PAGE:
How too conduct an accident investigation in the workplace

This two page paper gives a brief outline on how to conduct an accident investigation in the workplace. The paper discusses who information would begathered from what questions should be asked, the paper also looks at taking evidence such as photographs and details from emergency service officers.
How too conduct an accident investigation in the workplace.
When investigating an accident, first visit the building itself and identify the specific locality of the accident, gaining a thorough understanding of the layout of the building. Ask to be escorted to the actual site of the accident, making enquiries and notes of any comments made by the escorting person or persons concerning the accident.
Once at the scene take photographs and examine the site thoroughly for any possible causes of the accident or underlying causes that may have attributed to the event. For example if the site itself is an open plan work-room, describe the layout of the room with the position of all furniture, noting whether it was fixed or movable and in what condition it is in.
Take a note of all, if any, cables and wiring and their location in regards to the accident, also note the type of lighting in the room, and if there are any bulbs or lights not working in case the room dimmed enough to cause an accident. Note what type of flooring the room has, if it carpeted or tiled and if there are any frayed or loose edges, or if the floor is made of polished wood or linoleum, if so is it polished enough to cause a person to slip. Is there any possibility of spilt liquids or leakages from over head pipes or under floor pipes.
At this point photographs of the scene should be taken from all possible angles so as to give a clear and precise view of the accident scene and as an aide for further investigation.
Once the site has been investigated and thoroughly examined the next stage is to interview the injured person or persons and any witnesses present or involved in the accident, including those who had a role after the event.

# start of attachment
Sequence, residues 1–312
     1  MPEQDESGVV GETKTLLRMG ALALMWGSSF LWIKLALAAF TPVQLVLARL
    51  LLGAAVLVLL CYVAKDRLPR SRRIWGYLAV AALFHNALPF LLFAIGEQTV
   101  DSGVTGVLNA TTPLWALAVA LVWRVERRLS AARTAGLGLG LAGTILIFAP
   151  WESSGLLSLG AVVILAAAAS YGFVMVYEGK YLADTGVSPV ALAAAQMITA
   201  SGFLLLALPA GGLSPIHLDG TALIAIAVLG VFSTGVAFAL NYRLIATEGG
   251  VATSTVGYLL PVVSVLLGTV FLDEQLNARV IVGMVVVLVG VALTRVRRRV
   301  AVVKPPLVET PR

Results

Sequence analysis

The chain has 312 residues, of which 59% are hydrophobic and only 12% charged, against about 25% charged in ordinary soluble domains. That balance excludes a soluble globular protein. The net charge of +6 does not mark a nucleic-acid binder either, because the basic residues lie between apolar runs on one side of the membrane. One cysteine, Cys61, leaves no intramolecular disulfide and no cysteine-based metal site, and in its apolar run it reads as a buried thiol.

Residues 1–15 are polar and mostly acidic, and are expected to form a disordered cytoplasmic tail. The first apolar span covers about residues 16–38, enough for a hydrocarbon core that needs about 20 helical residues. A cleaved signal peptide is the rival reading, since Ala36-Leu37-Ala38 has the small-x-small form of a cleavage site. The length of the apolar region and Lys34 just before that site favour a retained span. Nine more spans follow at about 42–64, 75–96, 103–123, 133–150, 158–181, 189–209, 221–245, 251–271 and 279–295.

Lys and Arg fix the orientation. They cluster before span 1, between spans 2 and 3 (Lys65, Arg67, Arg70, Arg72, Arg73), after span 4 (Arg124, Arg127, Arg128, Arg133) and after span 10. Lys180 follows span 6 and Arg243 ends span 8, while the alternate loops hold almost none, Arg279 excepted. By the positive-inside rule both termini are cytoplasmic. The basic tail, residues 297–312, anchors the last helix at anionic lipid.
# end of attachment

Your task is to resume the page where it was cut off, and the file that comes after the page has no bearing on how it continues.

Keep a copy of the report to hand, but as the injured party to describe the event prior to and leading up to their having the accident. Enquire if anything the person had done prior to the accident could have attributed to it or if another person present could have caused the accident.
Furthermore, ask what the injured party what clothes and footwear they were wearing when the accident occurred, if they wear glasses or contact lenses, were they or do they suffer from any pre-existing medical condition.
Once statements from the injured party are taken, start to interview any witnesses. During this stage of the process ask what emergency action was taken after the accident to prevent any further harm to the injured party and also other members of the building, such as switching off any electrical currents.
Also, was any relief or first aid, such as CPR recovery position, given to the injured party and witnesses who might have gone into shock by qualified personnel, before any emergency services arrived If so gain the contact details of this person.
Enquire if and when any emergency services were called to the scene, such as police, fire or ambulance, and if so who called them and was their any one qualified and suitably experienced enough who was not suffering from any shock and also who new the quickest route to the accident site available to escort them. If police were called to the site was an officers name and badge number taken
Finally, once all the data has been collected, check the details and briefly go over any other information concerning the event. Analyse the data and statements to cross reference the details, by doing this any discrepancies or anomalies will stand out and for further investigation, if there are no discrepancies and all data matches then the investigation is over, in any event write up your findings and make a report.

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